Metro recently swapped out its seven-year-old bus predictions system for a new one called BusETA. Last week, fourteen Greater Greater Washington contributors and staff audited BusETA for accuracy. Overall, the system performed well enough, but buses sometimes came earlier than predicted, and “ghost buses” are still real.

Image from WMATA.

Real-time departure information has totally changed bus travel, as any rider with a smart phone can now triangulate the real location of the bus. That means the ability to minimize wait times or choose a travel mode with more confidence; we’re no longer reliant on a printed schedule that can be shredded by congestion, incidents, events, breakdowns, or weather.

WMATA’s predictions come via a combination of real-time data from GPS transponders on the buses and computer models that predict bus arrivals using historic data about traffic patterns. Once they’re made, WMATA publishes predictions on its website. The marketplace for independent prediction apps like Transit Tracker and Citymapper is also pretty crowded, as WMATA publishes tools that any developer can use.

A recent change in who provides WMATA’s prediction technology means NextBus, the widely used but proprietary system, is out, and BusETA is in.

Bus lines included in the audit: F4, H8, 16G, 16H, 70, 64, P19, S9, E4, 74, 96, 52, 53, 54, C21, C22, 30S, 31, 33, 37, N2, J3, X2, 4B. Map by the author.

Our contributors recorded how BusETA did one morning

For the audit, which we did on Thursday, April 14th, each participant went to a specific bus stop and called up the prediction for the stop by the stop’s unique ID number. While BusETA will also give predictions by bus line, we audited only the bus stop interface. Each participant took a screenshot of the prediction and then recorded the actual arrival times of the predicted bus(es). Our participants audited a total of 27 buses covering 24 lines at 17 locations from 6 to 9 am.

Here’s how close each bus came to arriving when BusETA said it would:

A positive error value means the bus was early. The variance of the error clearly increases as the prediction time increases (the further the bus is away, the worse BusETA is at predicting the arrival time).

However, the latest bus was an F4 bus that Gray Kimbrough watched from across the street: It was nine minutes late as it passed through Silver Spring, heading away from downtown. It is notable that this bus was audited at a location near the end of its run. It could be that the further into the bus’ run the stop is, the less accurate the prediction is because there have been more opportunities for the bus to encounter delays.

Buses were early as often as they were late. One contributor missed his bus because the prediction told him he had five minutes, and he actually only had three.

Anecdotally, it seems like BusETA might under-predict bus arrivals more often than NextBus did (i.e. the bus shows up ‘early’).

If so, this is a major problem, because when you miss a bus by only one or two minutes, you have to wait the entire headway of the bus line for the next one, which is the worst-case delay scenario. Based on the results of our audit, I’d recommend factoring in a three minute margin of error when using BusETA.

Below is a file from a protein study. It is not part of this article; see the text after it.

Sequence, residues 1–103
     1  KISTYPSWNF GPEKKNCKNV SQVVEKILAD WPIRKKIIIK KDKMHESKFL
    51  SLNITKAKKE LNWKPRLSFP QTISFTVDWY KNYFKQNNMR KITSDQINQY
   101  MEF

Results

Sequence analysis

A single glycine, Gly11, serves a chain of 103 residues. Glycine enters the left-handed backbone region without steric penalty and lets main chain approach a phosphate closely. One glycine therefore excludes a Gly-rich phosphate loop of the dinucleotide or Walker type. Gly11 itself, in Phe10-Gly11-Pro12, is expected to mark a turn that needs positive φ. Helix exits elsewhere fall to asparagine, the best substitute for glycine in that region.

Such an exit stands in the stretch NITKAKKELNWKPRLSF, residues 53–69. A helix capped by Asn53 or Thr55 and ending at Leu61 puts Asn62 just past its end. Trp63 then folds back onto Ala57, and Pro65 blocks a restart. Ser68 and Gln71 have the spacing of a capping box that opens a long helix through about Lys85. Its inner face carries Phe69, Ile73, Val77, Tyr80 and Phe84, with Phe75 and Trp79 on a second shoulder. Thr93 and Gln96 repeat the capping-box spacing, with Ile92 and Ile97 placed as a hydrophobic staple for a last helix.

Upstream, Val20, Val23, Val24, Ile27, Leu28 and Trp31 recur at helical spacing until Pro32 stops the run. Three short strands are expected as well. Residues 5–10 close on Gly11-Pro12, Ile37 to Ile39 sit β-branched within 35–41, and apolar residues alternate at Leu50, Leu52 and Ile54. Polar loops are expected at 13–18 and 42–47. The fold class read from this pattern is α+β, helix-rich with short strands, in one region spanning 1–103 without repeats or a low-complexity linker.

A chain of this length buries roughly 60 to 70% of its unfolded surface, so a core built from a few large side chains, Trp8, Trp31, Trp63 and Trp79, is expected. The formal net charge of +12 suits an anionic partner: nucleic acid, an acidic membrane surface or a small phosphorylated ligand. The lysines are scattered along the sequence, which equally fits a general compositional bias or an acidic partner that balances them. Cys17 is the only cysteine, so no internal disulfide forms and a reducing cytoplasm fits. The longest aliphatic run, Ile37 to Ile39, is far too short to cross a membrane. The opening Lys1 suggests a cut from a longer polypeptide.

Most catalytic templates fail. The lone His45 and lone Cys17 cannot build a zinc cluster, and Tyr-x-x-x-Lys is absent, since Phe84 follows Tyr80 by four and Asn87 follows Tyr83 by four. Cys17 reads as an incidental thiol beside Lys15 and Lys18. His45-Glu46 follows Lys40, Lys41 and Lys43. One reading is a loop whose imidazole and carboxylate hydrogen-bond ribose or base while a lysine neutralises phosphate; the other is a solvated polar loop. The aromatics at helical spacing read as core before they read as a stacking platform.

There were still ghost buses (either buses that were not predicted, or predicted buses that didn’t show). Jonathan Neeley got an H8 prediction, but when he refreshed it two minutes before it was supposed to arrive, the bus had disappeared (the actual bus did arrive a moment after, however). Steven Yates read that the 74 was 11 minutes away…just as it pulled up.

Overall, though, BusETA worked more often than it didn’t. Brendan Casey said that for his commute, BusETA is far more accurate than Transit or Citymapper.

BusETA prediction

The BusETA technology is different, and likely better

NextBus had a lot of accuracy problems. WMATA’s switch to BusETA means it has joined the open source OneBusAway project, which is also used in Atlanta and New York City. That means that all the old apps that used the NextBus standard don’t work for DC any more.

The switch to an open source standard via BusETA should promote innovation and help interested parties understand how and why various prediction apps are working. Anybody can contribute back and improve the OneBusAway project since the code is freely available as an open-source project.

This potentially makes the software quite powerful: If someone wants to write a feature in, they can pull the freely-available code, edit it, and publish it back for approval. This freedom allows the application to be more feature-rich than it might otherwise be, and be developed faster than a typical commercial application.

In the long run, an open-source standard will hopefully mean more and better apps for DC.

Thank you to Gray Kimbrough, Chris Slatt, Abby Lynch, Jim Titus, Sebastian Galeano, Steven Yates, Brendan Casey, Bryan Barnett-Woods, Ronit Dancis, Andrea Adleman, Angela Martinez, Jonathan Neeley and Sarah Guidi for participating in this flash audit.

Tracy Hadden Loh loves cities, infrastructure, and long walks on the beach looking for shark teeth. She holds a Ph.D. in city and regional planning from UNC-Chapel Hill. By day, she is a data scientist at the Center for Real Estate and Urban Analysis at George Washington University. By night, she is an activist, a law enforcement spouse, and the mother of a toddler. She served two years representing Ward 1 on the Mount Rainier City Council in Prince George's County, MD.